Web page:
As discs age they flatten and become slightly irregular. The bones come closer together and the disc is less able to cope with the forces it used to cope with when it was thicker and younger. It is more prone to injury and becoming inflamed. The bones themselves become irregular, with odd bits growing off around the edges. This is a natural degenerative process and may also be called osteoarthrosis. It may be speeded up by traumas such as rugby injuries or driving on bumpy surfaces. If this lead to tissue irritation and inflammation it may be called spondylitis or osteoarthritis (the ‘itis’ means inflammation).
The smaller facet joints at the back of the spinal column also undergo this degenerative change resulting in slightly distorted joints. This ageing of the bones and joints also affects the softer tissues – the muscles tend to become smaller and tire more quickly, and the ligaments tend to become thinner and not so strong making them more easily strained.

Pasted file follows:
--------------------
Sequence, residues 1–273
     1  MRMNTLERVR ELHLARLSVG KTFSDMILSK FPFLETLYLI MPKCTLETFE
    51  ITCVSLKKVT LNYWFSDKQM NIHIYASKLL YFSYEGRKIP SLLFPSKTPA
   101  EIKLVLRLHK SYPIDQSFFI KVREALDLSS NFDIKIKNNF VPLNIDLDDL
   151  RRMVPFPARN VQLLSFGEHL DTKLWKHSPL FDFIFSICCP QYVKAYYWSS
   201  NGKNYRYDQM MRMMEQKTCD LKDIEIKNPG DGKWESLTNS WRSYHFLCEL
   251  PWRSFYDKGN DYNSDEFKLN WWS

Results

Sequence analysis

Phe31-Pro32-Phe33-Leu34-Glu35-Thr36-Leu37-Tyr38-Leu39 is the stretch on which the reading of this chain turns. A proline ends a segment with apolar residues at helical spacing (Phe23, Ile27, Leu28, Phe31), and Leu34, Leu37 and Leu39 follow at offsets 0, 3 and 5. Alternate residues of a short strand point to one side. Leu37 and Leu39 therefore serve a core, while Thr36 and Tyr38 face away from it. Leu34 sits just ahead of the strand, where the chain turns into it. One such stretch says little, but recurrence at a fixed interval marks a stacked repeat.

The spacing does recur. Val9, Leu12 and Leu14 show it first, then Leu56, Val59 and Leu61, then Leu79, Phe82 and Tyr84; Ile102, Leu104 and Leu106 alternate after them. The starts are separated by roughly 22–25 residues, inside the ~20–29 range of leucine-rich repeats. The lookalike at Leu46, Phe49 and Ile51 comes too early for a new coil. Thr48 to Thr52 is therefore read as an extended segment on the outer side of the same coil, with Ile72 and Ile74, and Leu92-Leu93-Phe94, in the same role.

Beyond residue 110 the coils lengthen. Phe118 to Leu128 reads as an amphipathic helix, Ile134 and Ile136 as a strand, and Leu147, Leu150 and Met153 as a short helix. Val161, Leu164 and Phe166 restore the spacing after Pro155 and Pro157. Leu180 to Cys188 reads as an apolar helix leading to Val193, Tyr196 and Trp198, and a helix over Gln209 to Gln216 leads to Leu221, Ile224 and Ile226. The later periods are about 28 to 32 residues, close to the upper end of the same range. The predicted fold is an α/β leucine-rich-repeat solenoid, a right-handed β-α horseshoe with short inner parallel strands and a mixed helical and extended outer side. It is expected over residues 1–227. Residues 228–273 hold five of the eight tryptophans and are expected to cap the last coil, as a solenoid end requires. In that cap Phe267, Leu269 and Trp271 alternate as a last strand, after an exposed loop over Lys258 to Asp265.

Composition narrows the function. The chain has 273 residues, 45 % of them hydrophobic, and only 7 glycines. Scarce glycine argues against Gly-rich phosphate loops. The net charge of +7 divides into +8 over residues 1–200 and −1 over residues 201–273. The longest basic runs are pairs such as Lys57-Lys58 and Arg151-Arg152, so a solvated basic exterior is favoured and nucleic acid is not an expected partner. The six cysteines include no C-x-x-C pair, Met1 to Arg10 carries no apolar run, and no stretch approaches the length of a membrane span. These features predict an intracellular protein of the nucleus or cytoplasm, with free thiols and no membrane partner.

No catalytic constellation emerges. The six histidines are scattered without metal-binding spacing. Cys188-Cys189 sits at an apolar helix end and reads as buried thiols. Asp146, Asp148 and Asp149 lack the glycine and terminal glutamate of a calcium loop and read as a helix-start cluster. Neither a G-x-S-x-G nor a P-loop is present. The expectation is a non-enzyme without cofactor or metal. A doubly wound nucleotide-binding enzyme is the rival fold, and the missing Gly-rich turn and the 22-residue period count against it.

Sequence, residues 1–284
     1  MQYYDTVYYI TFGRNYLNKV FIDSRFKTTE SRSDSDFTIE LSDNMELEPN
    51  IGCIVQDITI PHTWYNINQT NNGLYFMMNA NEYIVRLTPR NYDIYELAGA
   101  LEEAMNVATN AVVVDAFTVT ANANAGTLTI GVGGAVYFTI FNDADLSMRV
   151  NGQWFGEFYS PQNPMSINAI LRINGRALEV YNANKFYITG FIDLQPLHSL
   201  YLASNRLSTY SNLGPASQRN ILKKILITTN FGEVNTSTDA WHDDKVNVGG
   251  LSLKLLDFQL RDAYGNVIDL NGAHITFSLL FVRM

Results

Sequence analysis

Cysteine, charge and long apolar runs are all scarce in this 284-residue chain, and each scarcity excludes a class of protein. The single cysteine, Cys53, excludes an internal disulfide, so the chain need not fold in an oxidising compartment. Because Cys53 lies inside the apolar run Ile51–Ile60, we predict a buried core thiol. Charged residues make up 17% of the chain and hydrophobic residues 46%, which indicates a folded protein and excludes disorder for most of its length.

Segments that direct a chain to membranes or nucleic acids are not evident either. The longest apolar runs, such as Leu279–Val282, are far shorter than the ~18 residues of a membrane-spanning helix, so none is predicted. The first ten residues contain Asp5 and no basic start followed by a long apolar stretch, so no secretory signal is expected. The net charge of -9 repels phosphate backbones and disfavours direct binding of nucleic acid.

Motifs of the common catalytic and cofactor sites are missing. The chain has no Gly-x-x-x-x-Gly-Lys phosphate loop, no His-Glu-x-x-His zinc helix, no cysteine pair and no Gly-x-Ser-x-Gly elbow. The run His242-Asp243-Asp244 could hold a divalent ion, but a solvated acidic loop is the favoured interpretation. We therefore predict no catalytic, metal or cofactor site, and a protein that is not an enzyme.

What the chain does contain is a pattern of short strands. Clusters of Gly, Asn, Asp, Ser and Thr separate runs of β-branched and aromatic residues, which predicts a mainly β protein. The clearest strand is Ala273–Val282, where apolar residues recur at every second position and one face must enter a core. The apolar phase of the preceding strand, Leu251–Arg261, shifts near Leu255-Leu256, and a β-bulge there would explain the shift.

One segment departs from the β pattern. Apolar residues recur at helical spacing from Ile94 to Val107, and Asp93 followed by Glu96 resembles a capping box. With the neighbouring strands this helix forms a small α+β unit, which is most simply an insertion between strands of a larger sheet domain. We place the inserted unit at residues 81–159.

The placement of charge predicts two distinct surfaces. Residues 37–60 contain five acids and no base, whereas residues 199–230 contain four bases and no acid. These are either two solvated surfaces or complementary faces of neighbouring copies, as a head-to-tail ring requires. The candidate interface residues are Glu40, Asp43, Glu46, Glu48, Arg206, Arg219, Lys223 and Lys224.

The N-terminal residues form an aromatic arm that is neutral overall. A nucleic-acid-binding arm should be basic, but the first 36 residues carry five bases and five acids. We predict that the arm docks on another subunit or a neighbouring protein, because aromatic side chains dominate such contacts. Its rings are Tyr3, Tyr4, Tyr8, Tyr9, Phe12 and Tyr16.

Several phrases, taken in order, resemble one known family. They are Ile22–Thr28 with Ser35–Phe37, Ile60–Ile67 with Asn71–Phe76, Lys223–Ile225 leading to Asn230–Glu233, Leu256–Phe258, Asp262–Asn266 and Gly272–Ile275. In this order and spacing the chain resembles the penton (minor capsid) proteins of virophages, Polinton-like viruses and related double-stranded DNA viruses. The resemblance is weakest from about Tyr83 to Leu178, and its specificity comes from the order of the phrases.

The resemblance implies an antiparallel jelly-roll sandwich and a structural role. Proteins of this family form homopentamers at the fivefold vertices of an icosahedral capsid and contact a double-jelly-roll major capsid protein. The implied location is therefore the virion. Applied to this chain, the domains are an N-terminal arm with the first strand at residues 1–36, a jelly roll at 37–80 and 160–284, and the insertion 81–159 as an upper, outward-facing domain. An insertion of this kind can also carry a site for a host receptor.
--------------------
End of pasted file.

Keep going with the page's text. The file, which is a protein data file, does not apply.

Without wanting to sound like a broken record exercise plays a big part in how your back stands up to an ageing body, the strong it is the better it will cope. If you are already in pain or if you took part in a sport like rugby and are worried about how your back is coping years later the best thing you can do is arrange to see a professional.
You don\’t always have to wait until there is pain to come in and see us! Sometimes preventative measures can be better than making an effort to sort out your back after it is already in pain.
At active-x because we have a range of different professionals we will be able to give you a good idea of whether your ageing back is in need of a few treatments with an osteopath, could benefit from regular sports massage or therapeutic treatment, or if you just need to strengthen it using exercise.